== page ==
[OPE-L:3039] Re: Straight and Moral

Michael Perelman (michael@ecst.csuchico.edu)
Tue, 17 Sep 1996 09:52:36 -0700 (PDT)

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I meant to write to John directly, but we might as well keep this on

John Ernst wrote:
> Michael,
> Before we write this thing up, let's look at the claim again.
> I wrote, referring to methods of depreciation used:
> If it is straight-line, then it seems to me that those who
> think that there are continuous revaluations of fixed
> capital with continuous technical change have a
> problem. That is, by using the straight-line method
> (or sum of digits, declining balance, etc.) we see
> that capitalists are anticipating at least some of the
> price decreases brought about by technical change.
> This manner of calculating depreciation may be the
> way in which "moral depreciation" is taken into
> account in rate of profit calculations.
> Yes, John, I think of this approach as rational expectations marxism.
> Let's see if we can nail down a few of the loose ends and
> search for holes in the claim.
> 1. Knowing little of economic history and even less of the history
> of accounting, I am claiming that straight-line depreciation
> was the method used in Marx's time. Save for the few quotes
> in CAPITAL, I have scant evidence for this.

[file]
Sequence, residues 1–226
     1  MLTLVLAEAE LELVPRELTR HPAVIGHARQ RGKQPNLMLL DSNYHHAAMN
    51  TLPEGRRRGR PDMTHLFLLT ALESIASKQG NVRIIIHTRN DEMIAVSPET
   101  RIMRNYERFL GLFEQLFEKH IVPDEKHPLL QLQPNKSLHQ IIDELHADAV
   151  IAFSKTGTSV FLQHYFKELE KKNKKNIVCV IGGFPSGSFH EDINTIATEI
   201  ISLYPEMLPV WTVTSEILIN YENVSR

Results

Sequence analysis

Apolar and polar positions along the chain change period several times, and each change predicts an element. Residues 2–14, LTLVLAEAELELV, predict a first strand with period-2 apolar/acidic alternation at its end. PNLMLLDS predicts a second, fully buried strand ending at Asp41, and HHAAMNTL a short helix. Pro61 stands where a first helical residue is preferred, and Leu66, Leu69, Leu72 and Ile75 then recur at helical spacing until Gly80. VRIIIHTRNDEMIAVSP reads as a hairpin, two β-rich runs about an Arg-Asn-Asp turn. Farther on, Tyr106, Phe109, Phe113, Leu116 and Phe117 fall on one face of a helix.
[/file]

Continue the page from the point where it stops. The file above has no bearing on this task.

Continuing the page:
Not really. People still used the Ricardo method. Capital is permanent. Only maintainence is a cost.
No depreciation exists. Methods of depreciation were just starting in railroads. Marx read the
railroad economists.

> 2. When using present values came into use by capitalists
> to compute profit rates is clearly a question. Using that
> technique, one would, as Duncan pointed out, need to be
> very specific about the anticipated prices of the commodity
> produced as new techniques are introduced. Price stability
> would make this method much easier to use. Using straight
> line in a period of price stability, would make the rate of
> profit appear to rise from period to period.

Baumol has a discussion of the beginning of present value. I can find it.
> 3. With the table in my OPE-3016, we see that if the prices match
> those anticipated, the book value and market value of the fixed
> capital are equal. They will differ if the prices are not those
> predicted. Within the world of linear models, the goal seems
> to be to calculate the market value of fixed capital at a given
> point in time. Here there are problems if these models
> are used to interpret the process of accumulation.
> a. Old techniques seem to disappear as new ones are introduced. The
> ideas that fixed capital might not be fully depreciated when this happens
> and the problems attached to the losses are not considered.
> b. Fixed capital seems to experience only physical depreciation
> in linear models. Since there is no technical change, there
> is no way to incorporate the idea of "moral depreciation."
> In our discussion last year, we saw efforts to "abstract from"
> moral depreciation itself when we considered how Marx dealt
> with depreciation in a given period of production.
> 4. It would be interesting to find out more of what Marx
> himself thought about this. Somewhere around 1870, he wrote
> that it was doubtful that investment in fixed capital (or some
> portions of it) is never fully depreciated as sudden devaluation
> due to crises took place prior to the recovery of the investment.
> (I think Mandel made note of this somewhere.)
> I cited this letter in my Marx book. He says, several times, that no investments in fixed capital ever seem
to pay off.
> John

Michael Perelman
Economics Department
California State University
Chico, CA 95929

Tel. 916-898-5321 E-Mail michael@ecst.csuchico.edu